Shell and tube heat exchangers are an integral part of many industries. Though the oil and gas industry may be vastly different from the food and beverage industry, the two have at least one thing in common: the shell and tube heat exchangers that help prepare products for sale to consumers must be in top condition.
When injecting fluid into a shell and tube heat exchanger, that which is more likely to corrode or foul is typically placed in the tube side of the machine, according to R. Shankar Subramanian, a chemical and bioengineering professor at Clarkson University. This is because it is easier to clean or, if needed, replace the tubes than the shell. However, the fact that liquid with a high fouling risk is put into the tube side of the exchanger, makes it crucial that machine operators and owners know how to clean and maintain their tubes.
Shell and tube heat exchangers come in many sizes and configurations. Some are easier to clean than others, primarily because some have tube bundles and bonnets that can be easily removed from the shell side, while others' are connected to the body of the exchanger. Knowing what type of bonnet your exchanger has and the appropriate cleaning mechanism are critical aspects to consider when purchasing the exchanger.
There are many different ways to clean the tubes of a heat exchanger. Each has its advantages and its disadvantages. The important thing is to know which method is right for your particular machine and operation.
Chemical cleaning is a good method to use for a fixed channel box design, which is generally more difficult to clean because the tubes cannot be separated from the shell. According to Clean-Co Systems, the process for chemical cleaning can be done in several ways. Chemicals can be circulated through the tubes or cascaded. Some are foam and others liquid. Chemicals will vary depending on the type of exchanger and what it is used for. Conoco Systems explained mild acids are typically used for this type of cleaning. It is beneficial to exchangers that have high amounts of buildup, as chemicals remove more deposit than most alternative cleaning methods.
"Chemicals remove more deposit than most alternative cleaning methods."
However, there are several downsides to using chemicals, Conoco Systems explained. This method is one of the most expensive ones. Also, chances are, the tubes will have to be mechanically cleaned after the chemicals have done their work to remove any residual substances that could contaminate the next product batch inserted into the tubes. It is also time-consuming and a potential environmental hazard.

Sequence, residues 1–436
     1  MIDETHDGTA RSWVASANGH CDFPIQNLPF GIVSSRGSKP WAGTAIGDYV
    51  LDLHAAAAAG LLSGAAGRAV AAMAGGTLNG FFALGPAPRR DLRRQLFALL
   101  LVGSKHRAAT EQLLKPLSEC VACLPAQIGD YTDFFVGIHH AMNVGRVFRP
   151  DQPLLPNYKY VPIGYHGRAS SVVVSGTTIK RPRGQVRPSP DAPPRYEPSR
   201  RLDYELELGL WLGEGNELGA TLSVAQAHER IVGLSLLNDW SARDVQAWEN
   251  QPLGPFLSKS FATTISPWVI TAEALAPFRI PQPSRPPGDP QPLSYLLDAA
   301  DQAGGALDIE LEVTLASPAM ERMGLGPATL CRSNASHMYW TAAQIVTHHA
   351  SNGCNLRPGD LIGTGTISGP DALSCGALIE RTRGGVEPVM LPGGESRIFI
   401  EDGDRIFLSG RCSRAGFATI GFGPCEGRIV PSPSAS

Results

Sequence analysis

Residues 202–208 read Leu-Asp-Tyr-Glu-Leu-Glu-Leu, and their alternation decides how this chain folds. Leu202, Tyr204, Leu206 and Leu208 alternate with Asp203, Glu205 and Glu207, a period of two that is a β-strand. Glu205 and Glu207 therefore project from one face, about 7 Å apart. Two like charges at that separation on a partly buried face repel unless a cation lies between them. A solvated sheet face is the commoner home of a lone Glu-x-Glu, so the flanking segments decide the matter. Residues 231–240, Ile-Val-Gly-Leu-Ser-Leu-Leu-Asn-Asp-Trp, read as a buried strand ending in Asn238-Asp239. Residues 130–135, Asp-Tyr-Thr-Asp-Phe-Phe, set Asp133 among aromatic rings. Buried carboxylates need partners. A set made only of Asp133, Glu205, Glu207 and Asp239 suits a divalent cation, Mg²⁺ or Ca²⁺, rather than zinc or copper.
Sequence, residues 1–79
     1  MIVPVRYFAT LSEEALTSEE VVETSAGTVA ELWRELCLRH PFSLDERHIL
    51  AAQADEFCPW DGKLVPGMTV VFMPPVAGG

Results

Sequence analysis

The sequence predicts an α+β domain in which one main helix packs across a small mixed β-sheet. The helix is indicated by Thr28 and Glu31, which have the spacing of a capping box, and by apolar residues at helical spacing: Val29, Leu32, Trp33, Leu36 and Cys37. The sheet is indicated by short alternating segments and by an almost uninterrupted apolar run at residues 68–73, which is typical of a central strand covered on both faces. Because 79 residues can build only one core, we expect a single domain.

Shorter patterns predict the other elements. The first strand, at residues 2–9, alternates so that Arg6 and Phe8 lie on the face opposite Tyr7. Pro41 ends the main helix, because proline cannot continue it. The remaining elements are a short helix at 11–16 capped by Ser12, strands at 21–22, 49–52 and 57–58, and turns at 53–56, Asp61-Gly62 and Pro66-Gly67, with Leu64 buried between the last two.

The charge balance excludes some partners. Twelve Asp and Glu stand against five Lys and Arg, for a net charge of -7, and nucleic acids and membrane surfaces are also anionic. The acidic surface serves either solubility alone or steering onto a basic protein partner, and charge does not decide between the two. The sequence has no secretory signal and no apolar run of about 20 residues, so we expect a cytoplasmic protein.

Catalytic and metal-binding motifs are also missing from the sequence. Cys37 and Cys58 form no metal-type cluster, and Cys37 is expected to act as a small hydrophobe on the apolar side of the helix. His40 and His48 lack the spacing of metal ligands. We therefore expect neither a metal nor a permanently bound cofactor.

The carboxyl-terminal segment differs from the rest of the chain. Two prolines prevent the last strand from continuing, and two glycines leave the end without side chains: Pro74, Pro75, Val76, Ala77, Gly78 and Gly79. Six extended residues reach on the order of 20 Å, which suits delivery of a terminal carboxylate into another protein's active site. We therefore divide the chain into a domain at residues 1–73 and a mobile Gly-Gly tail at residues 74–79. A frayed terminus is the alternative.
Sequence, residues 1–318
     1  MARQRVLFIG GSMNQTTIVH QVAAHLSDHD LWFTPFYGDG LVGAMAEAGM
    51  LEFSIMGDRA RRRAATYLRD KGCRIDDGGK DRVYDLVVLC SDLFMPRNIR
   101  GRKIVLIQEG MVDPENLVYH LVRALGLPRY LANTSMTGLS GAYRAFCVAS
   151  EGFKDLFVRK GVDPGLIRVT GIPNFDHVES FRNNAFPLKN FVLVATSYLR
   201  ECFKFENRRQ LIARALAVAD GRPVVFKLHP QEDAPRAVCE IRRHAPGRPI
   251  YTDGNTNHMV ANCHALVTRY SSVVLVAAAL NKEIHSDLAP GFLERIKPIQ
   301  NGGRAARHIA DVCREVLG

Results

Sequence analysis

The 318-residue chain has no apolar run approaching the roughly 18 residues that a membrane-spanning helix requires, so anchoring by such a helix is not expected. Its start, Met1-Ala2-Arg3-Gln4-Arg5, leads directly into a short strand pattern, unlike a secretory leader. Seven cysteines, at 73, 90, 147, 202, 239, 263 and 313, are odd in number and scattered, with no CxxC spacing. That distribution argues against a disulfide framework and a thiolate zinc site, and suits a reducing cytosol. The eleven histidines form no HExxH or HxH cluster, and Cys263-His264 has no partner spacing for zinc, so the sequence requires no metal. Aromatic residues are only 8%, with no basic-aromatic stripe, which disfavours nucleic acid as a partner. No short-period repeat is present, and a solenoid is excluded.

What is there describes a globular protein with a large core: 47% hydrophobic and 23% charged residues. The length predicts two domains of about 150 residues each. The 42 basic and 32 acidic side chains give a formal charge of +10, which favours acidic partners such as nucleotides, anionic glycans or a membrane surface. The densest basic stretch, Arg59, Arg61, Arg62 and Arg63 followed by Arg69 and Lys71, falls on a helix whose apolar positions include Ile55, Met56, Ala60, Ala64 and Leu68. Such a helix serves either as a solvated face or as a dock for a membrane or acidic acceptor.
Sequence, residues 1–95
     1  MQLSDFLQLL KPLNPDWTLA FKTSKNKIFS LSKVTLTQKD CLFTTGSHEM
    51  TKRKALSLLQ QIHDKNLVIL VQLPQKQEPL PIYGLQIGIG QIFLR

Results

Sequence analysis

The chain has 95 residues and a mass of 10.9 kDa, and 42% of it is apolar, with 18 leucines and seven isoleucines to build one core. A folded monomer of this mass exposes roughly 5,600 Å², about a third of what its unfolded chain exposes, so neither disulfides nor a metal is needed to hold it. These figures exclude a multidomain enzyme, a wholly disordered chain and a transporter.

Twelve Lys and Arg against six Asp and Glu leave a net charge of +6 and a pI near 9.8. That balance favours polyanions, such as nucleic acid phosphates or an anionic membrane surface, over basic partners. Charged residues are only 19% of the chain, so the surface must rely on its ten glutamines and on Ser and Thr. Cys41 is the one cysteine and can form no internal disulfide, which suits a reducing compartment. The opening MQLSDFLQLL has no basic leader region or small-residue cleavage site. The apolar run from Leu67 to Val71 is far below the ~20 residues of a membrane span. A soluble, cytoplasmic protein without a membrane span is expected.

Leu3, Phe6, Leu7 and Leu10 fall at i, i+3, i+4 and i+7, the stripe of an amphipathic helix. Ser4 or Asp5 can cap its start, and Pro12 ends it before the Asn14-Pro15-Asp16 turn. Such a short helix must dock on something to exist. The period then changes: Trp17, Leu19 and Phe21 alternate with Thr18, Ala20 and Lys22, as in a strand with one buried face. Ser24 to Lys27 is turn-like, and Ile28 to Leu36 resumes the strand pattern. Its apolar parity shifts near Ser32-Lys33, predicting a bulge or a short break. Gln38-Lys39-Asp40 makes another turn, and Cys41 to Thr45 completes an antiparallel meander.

According to Goodway, hydroblasting has been a popular way to clean tubes for many years. This method uses high-pressure water systems to blast away any debris or deposits left in the tubes. NLB Corp. explained the water can be pressurized to as much as 40,000 psi.
Hydroblasting can be done either manually or with an automated system. The manual approach involves an operator hooking a hose up to the tubes one by one and using a foot pedal to regulate the water. This method is effective and relatively inexpensive, though human error may result in uneven cleaning. There are also safety concerns regarding the speed and force at which the water comes out of the hose.
There are two basic types of automated systems: flexible lance and rigid lance systems. Both allow multiple tubes to be cleaned at once, which saves on the amount of time spent cleaning. U-tube heat exchangers and others with curved tubes would benefit from a flexible lance system because it is easy to maneuver the hoses around the bends. For those exchangers with straight tubes, the rigid lance systems provide greater water pressure to remove debris and buildup.
"Flexible lance systems can maneuver around U-shaped bends."
According to Conoco Systems, operators who choose to use hydroblasting as a cleaning method should also be aware that the pressure of the water could weaken the tubes and create leaks that may go unnoticed. Leaks in the tube side of the exchanger could result in cross contamination between the tube side and shell side fluids. Once discovered, it might even require more time spent offline to repair or replace the tubes.
Chemical cleaning and hydroblasting are two popular ways to maintain the cleanliness of a heat exchanger's tube side. Deciding which method will depend on the type of exchanger you have and what it is used for. Regardless of the configuration or use of your exchanger, though, it is crucial to ensure the tubes are kept clean to prevent fouling and contamination.